sudo update_prebinding -root /
type in your password
and it will prebind your OS. After a reboot, you should notice some speed improvements.
booting up into single user mode and running:
it's like running disk first aid on OS 9
You don't have to worry about screwing anthing up in single user mode as the drive is in read only mode and you have to run another command to be able to make any changes to files.
to boot up into single user mode hold down the "command+s" keys at boot
once the command is run and the task has completed, simple type reboot at the prompt.
That's about as free as one can get with simple disk utilities
<BLOCKQUOTE>quote:</font><HR> dthompson101 wrote: You don't have to worry about screwing anthing up in single user mode as the drive is in read only mode and you have to run another command to be able to make any changes to files. <HR></BLOCKQUOTE>
How does fsck do anything if it is in read only mode?
I believe the -y allows for the changes (as in y = yes)
Do I have to enter in /bin/fsck -y or is just fsck -y enough and how about the very simple fsck ?
Generally you should run UNIX commands verbatim, especially if you are taking someone's advice. However, you could do a man fsck [manual for fsck] command in the terminal to see what comes up, any alternates should be there.
There are shortcuts and alternate commands for many UNIX processes, but if you don't know them it doesn't do any good and could potentially do harm.
One of the things I love about OSX is you can run the terminal while the Desktop is visible and running. Doing so in other UNIX/Linux distros (ie running the X Window System and entering terminal commands) often screws up the works.
The reason I mention this is it's my habit to copy and paste terminal commands from a sticky note. Very handy.
Oh man I had to look verbatim up just to understand.
Using exactly the same words; corresponding word for word: a verbatim report of the conversation.
In exactly the same words; word for word: repeated their dialogue verbatim.
the command: /sbin/fsck is just telling the terminal where to run the executable (fsck)
Mac OS X.2 seems to have fixed this problem and ther must be a link in a login to shell to know where fsck exists. I don't believe 10.1 had this implemented.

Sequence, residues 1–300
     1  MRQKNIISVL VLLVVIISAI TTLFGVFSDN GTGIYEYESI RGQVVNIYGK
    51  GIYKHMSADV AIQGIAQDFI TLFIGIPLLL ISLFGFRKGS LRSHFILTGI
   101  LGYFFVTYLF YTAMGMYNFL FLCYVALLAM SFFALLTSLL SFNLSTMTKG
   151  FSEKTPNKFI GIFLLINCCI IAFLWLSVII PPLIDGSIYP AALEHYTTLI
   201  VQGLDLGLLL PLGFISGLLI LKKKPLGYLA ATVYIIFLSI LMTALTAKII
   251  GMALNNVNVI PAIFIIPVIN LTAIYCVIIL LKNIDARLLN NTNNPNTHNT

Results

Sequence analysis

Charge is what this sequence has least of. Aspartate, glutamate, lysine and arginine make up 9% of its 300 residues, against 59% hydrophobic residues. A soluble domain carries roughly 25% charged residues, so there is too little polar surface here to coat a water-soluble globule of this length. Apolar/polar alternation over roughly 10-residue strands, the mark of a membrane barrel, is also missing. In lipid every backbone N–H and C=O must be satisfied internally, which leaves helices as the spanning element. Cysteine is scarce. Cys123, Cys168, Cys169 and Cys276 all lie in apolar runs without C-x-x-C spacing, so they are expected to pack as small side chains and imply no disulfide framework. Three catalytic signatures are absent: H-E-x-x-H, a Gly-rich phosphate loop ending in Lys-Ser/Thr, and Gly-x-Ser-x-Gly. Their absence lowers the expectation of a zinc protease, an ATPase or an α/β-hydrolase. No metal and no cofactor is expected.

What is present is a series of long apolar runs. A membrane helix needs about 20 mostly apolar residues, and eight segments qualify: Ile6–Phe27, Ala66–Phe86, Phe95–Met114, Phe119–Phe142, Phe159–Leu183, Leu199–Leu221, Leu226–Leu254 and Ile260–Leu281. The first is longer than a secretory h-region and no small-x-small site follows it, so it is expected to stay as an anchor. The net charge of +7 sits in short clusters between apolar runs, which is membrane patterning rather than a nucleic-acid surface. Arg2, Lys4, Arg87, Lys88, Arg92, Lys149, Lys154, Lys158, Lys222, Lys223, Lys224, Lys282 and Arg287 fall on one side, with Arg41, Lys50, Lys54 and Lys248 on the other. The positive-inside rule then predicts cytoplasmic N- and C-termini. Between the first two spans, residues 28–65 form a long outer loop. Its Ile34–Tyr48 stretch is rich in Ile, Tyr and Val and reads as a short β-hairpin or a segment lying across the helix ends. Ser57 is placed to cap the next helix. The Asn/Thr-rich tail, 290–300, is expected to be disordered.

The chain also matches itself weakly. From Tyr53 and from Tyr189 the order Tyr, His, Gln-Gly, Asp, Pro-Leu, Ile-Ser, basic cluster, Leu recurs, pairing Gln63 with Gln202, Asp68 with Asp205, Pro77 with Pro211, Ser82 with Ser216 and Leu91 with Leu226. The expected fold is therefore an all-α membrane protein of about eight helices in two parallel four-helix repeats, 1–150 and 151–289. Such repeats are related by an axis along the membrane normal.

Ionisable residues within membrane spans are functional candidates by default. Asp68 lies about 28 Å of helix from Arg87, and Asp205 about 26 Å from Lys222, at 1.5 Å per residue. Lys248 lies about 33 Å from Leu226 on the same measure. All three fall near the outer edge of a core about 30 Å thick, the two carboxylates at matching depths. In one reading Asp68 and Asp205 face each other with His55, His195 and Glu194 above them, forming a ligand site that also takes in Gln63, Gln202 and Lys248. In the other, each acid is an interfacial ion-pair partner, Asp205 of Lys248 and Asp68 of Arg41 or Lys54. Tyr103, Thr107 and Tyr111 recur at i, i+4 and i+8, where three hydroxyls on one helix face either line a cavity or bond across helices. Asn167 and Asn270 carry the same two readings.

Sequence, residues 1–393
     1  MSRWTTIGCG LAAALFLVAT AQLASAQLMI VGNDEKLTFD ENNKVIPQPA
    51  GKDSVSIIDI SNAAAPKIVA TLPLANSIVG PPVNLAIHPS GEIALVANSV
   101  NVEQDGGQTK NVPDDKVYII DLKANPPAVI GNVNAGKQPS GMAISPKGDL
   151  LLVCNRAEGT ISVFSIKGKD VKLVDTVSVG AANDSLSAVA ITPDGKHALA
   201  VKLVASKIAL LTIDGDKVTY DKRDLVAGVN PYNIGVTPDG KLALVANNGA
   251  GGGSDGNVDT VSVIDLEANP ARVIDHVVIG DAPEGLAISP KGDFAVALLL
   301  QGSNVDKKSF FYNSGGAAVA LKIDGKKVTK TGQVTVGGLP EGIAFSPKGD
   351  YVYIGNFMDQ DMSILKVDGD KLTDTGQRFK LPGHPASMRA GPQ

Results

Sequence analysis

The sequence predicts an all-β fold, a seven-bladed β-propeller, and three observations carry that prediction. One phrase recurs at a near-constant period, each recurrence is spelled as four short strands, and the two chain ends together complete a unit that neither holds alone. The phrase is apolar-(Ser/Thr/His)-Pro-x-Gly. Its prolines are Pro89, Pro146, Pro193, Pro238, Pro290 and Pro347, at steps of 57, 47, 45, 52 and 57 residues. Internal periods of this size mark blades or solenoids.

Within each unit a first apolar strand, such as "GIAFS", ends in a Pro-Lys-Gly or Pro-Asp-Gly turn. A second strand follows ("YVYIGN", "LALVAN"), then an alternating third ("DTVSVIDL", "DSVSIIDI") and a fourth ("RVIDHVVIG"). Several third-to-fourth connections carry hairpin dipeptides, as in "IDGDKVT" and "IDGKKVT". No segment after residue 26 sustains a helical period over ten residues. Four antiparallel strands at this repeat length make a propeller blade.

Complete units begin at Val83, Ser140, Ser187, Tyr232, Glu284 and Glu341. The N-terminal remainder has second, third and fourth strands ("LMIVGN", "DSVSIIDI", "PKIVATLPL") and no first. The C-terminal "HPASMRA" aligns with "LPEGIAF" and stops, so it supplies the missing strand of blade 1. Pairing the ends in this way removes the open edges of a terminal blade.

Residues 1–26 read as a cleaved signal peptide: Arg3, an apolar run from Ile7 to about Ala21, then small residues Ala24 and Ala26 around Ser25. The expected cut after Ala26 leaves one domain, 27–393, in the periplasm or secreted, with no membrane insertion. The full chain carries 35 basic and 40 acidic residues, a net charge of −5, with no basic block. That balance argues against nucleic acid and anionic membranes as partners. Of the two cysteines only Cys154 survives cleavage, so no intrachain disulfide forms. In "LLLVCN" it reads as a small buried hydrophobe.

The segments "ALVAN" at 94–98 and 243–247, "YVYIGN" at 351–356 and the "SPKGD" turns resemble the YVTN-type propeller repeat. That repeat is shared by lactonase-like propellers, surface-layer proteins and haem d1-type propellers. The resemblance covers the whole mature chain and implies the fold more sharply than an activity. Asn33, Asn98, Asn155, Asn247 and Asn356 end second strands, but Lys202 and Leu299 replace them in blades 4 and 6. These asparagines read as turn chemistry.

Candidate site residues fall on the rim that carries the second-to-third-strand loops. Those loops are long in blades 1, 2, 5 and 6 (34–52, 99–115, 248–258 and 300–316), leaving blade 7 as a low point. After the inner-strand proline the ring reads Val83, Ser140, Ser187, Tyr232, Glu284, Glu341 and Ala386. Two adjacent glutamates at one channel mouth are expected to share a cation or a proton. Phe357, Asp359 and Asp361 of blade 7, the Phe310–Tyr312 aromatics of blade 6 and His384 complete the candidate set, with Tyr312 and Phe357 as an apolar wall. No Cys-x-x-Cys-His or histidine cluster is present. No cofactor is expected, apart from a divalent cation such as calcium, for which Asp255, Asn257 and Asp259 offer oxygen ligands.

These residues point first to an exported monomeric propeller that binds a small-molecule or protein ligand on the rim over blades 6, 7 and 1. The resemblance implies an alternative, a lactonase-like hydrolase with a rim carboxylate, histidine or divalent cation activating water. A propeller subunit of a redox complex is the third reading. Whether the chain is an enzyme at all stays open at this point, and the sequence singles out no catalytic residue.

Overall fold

Putting the -y on the end of the command is just basically telling the computer to go ahead and fix whatever system problems it finds.
Since you are in single user mode, you cannot VI, PICO or edit any other files. If you were to try and change your host name in /etc/hostconfig file, you will get an error that stats:
ex/vi: Error: /var/tmp/vi.recover: Read-only gile system
ex/vi: Modifications not recoverable if the session fails.
ex/vi: Error: hostconfig: Read-only file system
ex/vi: Error: Unable to create temporary file: Read only file system
The command to run to make changes in single user mode (which I do not recommend if you are not comfortable with UNIX) is:
sbin/mount -uw /
Just to be proper here, while yes you can run many commands in the terminal while running the aqua interface or even from the console shell upon login, you are not able to run fsck at all.
After a kernel panic or a crash, if you boot up in verbose mode, (command + v) you will notice that Mac OS X will run the fsck executable upon boot and repair any problems with it.
There are times however when you must manually run this command if you feel there may be problems with the system.
Jaguar also does not offer any "automatic" prebinding support outside of you creating your own cron job to run at a certain time each day and add it to your crontab file located in /etc/
This way you could tell your server for instance that every day at 12:00 A.M. to run the prebindings update command. This however does not do much good as to make the prebinding active you must reboot the box. (which would kill your uptime and disrupt your sevices)
Also, keep in mind that the disk utility that is on your Mac OS X install CD and the fsck executable are 2 different appliations. While I do not know the differences between the 2 of them, they both seem to work a little different, however to my knowledge, Apple does not recommend using one over the other.
Just to echo the above, all you have to do is run the terminal to force update all your prebindings.
I've noticed when I do that there are often prebindings left that cannot be completed but I don't know enough to understand why this is. Below is the script that I use (you'll be prompted for your password after entering it):
The difference between FSCK and Disk Utility is that Disk Utility is written to examine HFS and HFS+. while FSCK was originallly written to work on UFS disks.
Apple recomends using Disk Utility if it is available, as it does a bit more thurough job of examining disks. FSCK is no slouch, but it has to translate HFS into UFS to examine a disk, and then translate UFS back to HFS to make any changes necessary.
Adding -Force to your update_prebinding command will force it to rebind files that don't necessarily need to be rebound. I usually reccomend this, just because most people I recommend it to don't do it very often. The command should look something like this:
You can also add -verbose if you want to see every little thing it does.
When you boot into single user mode, you don;t have to type in the /sbin/ part of any command. just typing "fsck -y" or "mount -uw" will work fine. It has been this way since the first time I tried it, on OS X 10.0.4. Adding the "-y" part to FSCK does indeed tell it to assume the answer is yes to any operation it would normally have to ask you to verify with a yes or no.
Check out System Optimiser, it does a pretty good job, and also check out MacJanitor as it does a bunch of UNIX tasks that dont normally get to be completed in a home computer set up (they are designed to run at 2.30 in the morning or so and MacJanitor just makes them happen when you click the little button).